1. Something in your Halloween treats could be fueling rainforest destruction. (Guardian)
  2. A tiny, plastic threat is invading the Great Lakes. (Huffington Post)
  3. Scary chemicals that mess up your hormones can be avoided with these tips. (The Daily Green)
  4. Our brains have a special corner just to help deal with the fear of these creatures. (NPR)
  5. Halloween green news wouldn’t be complete without the walking dead of the animal kingdom. (National Geographic)

The Green Buzz: Thursday, October 24

Written by | October 24th, 2013

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The green news this morning makes us want to watch “Spaceballs.”

  1. Could an air vacuum fix Beijing’s smog? (Cue mental image of giant spaceship-turned-vacuum cleaner…) (Grist)
  2. Two rarely seen oarfish have washed up on California’s coast this month — are they trying to tell us something? (The Daily Beast)
  3. Even edible plants like morels, rhubarb and potatoes have enough toxins to make us sick. (NPR)
  4. One of the largest inland oil spills in the U.S. raises detection concerns. (New York Times)
  5. The most distant galaxy yet (and it’s head-spinningly far away) has been discovered by a team of international scientists. (BBC News)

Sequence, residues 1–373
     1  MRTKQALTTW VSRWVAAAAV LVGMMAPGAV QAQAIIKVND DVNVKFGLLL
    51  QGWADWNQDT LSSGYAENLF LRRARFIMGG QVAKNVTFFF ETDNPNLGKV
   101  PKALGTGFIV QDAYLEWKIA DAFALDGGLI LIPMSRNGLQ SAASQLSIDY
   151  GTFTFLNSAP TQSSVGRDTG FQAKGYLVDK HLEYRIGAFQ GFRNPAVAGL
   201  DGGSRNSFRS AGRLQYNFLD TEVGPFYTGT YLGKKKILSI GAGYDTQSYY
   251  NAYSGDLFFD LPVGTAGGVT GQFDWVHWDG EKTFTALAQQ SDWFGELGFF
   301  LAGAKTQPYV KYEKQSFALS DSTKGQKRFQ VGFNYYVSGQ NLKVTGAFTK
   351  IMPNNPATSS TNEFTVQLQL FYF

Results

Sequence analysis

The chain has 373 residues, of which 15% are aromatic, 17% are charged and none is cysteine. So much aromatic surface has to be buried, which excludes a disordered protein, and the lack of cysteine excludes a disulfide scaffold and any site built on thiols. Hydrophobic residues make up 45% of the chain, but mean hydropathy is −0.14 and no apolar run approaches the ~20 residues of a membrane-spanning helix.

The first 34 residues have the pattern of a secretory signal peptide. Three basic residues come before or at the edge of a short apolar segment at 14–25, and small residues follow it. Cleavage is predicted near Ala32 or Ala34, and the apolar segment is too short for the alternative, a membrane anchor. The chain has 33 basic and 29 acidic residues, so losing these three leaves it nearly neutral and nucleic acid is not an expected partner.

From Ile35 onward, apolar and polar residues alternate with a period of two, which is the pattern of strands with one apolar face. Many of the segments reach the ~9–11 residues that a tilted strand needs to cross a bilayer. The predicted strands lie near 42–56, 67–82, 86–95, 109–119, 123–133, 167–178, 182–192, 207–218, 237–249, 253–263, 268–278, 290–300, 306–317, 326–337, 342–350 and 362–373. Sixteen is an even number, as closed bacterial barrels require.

The Green Buzz: Tuesday, September 17

Written by | September 17th, 2013

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A story on pollution told by…ear wax? Read on, conservation-concerned, and learn more in today’s green news.

  1. Like star-gazing? There are four sky events this week, so grab that blanket and look up! (National Geographic)
  2. There’s a new world map in town, and it shows areas that are most susceptible to climate change. (International Business Times)
  3. How often do whales clean their ears? Well, never, which is why ear wax turns out to be a great indicator of contaminants in the ocean. (NPR)
  4. Woodpeckers are proving to be an admirable adversary to the invasive emerald ash borer. (MNN)
  5. Small animals perceive time as though it’s passing in slow motion, says a new study. (BBC News)

The Right Stuff for U.S. Water Resources

Written by | September 16th, 2013

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George C. Grugett helped bring forth the “room for our rivers” approach to managing our water resources — and it’s one that should be used more often.